In the previous post, I talked about the First (Wolf 3D) and Second (Doom) epochs of PC gaming. To reiterate (or make clear for the first time), these are arbitrary. These aren’t official epochs or eras. These are just the world as we see it. Which means that it’s completely correct.
We ended the last post talking about the 486. Depending on your age, you may have very fond memories of that processor. So many people in my age group really cut their teeth on the 486/66. It was a great CPU and is great nostalgia. However, it wasn’t good enough for the Third Epoch.
One of the most wonderful things about gaming on a PC is that, unlike consoles, you’re not locked into static hardware. You can upgrade to your heart’s content, swapping in new processors, video cards, hard drives…all sorts of stuff. However, this strength also means that the system requirements for new games are always a moving target. I would argue that this is less of a problem in modern gaming, as we’ve reached a point where monumental improvements in hardware don’t happen at a fast pace anymore.
There was a time, though, when processors and video cards seemed to double in speeds every year or two. The shiny new computer you got for Christmas in 1987 was no longer adequate for the games of 1989. Sure, businesses upgraded because of spreadsheets and number crunching, but for gamers, each little epoch of hardware seemed to be dominated by one or two games that needed a higher performing system or a new operating system to run correctly.
Let’s go on a journey through these epochs, focusing on the requirements and, more importantly, the games.
The First Epoch (1987 – Wolfenstein 3D)
I’m going to arbitrarily start the clock in 1987. The fastest x86 CPU of the day was the 80386. 4MB of RAM was a lot. And the PC game you had to have was Wolfenstein 3D.
Hey all! Time for me to finally write another article! I’m going to place this one under “Brushing off the Dust” because not only will this be news, but I’m going to dig back a bit and talk about similar stories to the one I’m about to report on.
So.. BIG NEWS folks, or that’s how everyone is spinning it. Google seems to have plans to release a console. The codename as of now? YETI. (you can find info about this at The Information , but beware it is subscription based. Unlike a website that Yours Truly may be typing on.) I guess I shouldn’t say they intend to release a console for sure, more just that it seems very likely. What the report really spells out is that Google for sure appears to be gearing up to offer a game-streaming service that when all up and running will be accessible on at least the Google Chromecast device. That seems to leave room for there also being a more dedicated item just for the gaming, but we’ll have to see.
What does this mean? Well, it could mean anything or it could mean nothing. My personal thought is that this plan will go the same way Nvidia’s Shield platform did. Though Google recently hired Phil Harrison of Sony fame, so there might be bright glimmer on the horizon? Who’s to say? All we know right now is its supposed to be a cloud-computing based gaming service that will offer top notch content without a lot of hassle. Sound familiar? Microsoft’s Xbox division touted much the same type of technology for their dedicated Xbox One console when it first launched.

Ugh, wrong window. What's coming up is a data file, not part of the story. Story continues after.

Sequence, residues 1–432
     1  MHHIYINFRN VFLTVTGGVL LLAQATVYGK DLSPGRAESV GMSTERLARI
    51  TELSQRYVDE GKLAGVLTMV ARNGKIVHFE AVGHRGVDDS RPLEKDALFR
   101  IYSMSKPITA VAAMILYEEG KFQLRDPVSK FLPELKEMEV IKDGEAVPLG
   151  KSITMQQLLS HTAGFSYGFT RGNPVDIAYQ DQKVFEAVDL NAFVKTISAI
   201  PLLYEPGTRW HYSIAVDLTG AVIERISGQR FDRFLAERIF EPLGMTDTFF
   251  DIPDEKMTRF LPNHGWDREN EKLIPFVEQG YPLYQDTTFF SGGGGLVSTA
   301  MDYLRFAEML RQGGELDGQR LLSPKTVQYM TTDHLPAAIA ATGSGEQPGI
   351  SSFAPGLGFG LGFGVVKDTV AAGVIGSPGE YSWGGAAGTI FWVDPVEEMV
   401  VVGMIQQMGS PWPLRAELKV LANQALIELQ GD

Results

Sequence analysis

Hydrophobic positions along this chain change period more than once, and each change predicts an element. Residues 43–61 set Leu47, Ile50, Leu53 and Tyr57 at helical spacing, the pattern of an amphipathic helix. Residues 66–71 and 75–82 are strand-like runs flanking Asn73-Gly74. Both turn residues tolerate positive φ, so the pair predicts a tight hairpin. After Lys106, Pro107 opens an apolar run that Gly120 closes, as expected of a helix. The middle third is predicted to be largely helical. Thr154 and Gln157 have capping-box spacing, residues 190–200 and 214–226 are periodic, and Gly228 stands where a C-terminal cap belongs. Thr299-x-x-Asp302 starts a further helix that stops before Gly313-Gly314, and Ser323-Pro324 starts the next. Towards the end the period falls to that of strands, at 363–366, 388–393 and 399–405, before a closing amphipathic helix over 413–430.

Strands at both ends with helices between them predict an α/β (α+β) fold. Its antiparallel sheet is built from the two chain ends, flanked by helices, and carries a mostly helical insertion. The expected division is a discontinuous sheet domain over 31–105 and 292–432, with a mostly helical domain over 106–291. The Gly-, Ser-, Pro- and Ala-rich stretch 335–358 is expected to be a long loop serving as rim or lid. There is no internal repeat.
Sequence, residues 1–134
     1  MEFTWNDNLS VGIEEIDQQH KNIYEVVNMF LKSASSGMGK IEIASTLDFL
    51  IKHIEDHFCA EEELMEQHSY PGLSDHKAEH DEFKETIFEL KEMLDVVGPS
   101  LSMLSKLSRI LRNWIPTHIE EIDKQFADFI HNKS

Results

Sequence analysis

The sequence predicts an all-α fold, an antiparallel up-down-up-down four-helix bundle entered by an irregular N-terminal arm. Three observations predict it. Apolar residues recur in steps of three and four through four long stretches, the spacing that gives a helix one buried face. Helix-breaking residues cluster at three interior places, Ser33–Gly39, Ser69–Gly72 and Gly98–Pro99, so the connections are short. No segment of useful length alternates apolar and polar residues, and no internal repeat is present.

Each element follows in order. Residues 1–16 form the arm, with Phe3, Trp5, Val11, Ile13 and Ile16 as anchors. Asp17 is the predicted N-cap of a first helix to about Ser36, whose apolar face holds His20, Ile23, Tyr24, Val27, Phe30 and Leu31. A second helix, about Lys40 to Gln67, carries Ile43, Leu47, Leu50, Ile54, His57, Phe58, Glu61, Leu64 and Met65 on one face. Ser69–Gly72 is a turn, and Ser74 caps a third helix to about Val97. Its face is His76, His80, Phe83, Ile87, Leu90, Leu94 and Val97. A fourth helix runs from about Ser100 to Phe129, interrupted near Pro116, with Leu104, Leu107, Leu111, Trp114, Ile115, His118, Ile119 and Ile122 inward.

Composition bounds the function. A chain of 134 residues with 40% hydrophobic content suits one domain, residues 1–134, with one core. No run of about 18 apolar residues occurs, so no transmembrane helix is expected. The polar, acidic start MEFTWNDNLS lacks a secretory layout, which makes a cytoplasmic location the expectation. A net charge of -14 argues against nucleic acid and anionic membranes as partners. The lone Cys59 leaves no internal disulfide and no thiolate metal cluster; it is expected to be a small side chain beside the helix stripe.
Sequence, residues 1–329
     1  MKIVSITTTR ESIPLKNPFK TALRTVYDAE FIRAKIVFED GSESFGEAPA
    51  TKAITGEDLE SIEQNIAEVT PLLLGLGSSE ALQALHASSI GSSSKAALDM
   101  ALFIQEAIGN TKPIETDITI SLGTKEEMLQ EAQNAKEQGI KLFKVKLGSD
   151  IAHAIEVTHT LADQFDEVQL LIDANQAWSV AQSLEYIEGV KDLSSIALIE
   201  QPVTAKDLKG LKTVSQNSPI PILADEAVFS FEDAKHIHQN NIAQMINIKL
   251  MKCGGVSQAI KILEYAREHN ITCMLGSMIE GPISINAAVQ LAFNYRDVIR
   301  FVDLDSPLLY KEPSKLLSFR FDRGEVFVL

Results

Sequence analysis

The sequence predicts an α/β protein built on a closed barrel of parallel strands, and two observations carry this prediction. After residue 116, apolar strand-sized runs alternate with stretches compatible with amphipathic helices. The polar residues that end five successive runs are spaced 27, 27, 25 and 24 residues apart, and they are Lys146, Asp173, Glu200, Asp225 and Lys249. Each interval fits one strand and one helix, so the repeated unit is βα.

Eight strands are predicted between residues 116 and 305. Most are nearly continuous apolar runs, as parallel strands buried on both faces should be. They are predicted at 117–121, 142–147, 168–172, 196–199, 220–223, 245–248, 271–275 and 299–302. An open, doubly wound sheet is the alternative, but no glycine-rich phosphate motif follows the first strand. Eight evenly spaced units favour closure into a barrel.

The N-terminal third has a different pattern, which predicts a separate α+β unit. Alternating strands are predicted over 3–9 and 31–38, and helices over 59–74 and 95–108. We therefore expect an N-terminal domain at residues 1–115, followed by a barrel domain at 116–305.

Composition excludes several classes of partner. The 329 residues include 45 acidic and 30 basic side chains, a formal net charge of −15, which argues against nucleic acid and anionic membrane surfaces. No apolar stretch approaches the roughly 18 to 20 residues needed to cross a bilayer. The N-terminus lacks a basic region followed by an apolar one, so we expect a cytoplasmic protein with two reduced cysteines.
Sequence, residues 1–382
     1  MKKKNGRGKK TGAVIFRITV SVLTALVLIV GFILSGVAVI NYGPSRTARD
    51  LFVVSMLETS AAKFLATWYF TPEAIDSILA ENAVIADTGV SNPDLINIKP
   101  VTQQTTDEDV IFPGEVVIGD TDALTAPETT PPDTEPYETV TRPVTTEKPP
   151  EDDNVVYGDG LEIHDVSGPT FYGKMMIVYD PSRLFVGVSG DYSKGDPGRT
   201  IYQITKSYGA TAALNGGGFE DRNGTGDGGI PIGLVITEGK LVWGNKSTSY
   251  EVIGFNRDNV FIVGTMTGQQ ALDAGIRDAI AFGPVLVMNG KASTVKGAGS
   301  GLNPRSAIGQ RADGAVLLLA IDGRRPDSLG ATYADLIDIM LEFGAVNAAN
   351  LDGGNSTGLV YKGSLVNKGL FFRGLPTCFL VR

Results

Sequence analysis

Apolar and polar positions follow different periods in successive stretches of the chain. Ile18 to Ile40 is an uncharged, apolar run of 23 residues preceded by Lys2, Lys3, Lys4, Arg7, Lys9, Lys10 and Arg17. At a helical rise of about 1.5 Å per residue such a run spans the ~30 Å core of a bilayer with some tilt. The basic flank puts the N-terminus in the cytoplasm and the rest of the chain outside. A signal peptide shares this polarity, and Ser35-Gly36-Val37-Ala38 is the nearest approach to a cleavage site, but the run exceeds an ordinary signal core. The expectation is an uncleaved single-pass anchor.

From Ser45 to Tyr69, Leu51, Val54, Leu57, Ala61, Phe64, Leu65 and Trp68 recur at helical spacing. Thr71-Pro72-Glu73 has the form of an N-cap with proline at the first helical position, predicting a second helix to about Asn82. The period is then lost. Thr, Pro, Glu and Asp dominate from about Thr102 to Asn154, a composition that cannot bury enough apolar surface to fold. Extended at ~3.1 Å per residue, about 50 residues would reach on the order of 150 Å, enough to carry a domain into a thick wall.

So I’ve decided to take a up a quick response to my counter part. Their article, entitled: “Xbox One vs. PS4 : Out of the box experience in 2017” has some things in it I felt like nitpicking or bringing light to. The piece can be found at https://abortretryfailshow.wordpress.com/2017/10/
Now, without further ado, Let me begin. ( There was some ado)
I can’t say I’m a fanboy of either console myself. I used to be an avid fan of the Xbox brand and still have strong feelings towards the Xbox 360 and original Xbox, but that’s died off in recent years. For the most part I just have the Xbone because that’s what my connections all have. I waited a short bit to get into the 8th generation myself. I found little reason to hop on board the hype train.
I’m going to be honest: I had no intention of ever buying either of these consoles. From the moment they were first announced, I was pretty underwhelmed. I’ve been a console gamer since the days of the Atari 2600. I’ve watched each successive generation get more powerful and more exotic (from an architecture perspective). I was impressed by both the 360 and the PS3 and remember well my enthusiasm for both when they launched.
My lack of desire for either the Xbox One or PS4 stems from the perception that I had that both were low to mid-range PCs. Nothing fancy, nothing interesting. So, I held off. In the meantime, I purchased both a Wii U and a Switch. I’ve had a lot of fun with both consoles and I’m looking forward to what Nintendo has in store for us with the future of the Switch.
Last weekend, however, I came across a steal of a deal on both the Xbox One and PS4 at a pawn shop. Curiosity got the best of me. I took the plunge. I took them home, cleaned them up and factory reset them. What follows is my impression of the end user experience upon firing these up for the first time in 2017.
This is not a comparison of the hardware. I may get into that at some point, but this is primarily about the software, as that’s what I’ll be interacting with on a day to day basis. I also want to point out that I’m not a “fan boy”. I owned both the PS3 and Xbox 360 and loved them both for different reasons. I’m signed up for both PS Plus and Xbox Live Gold, so YMMV with either of these consoles if you’re not.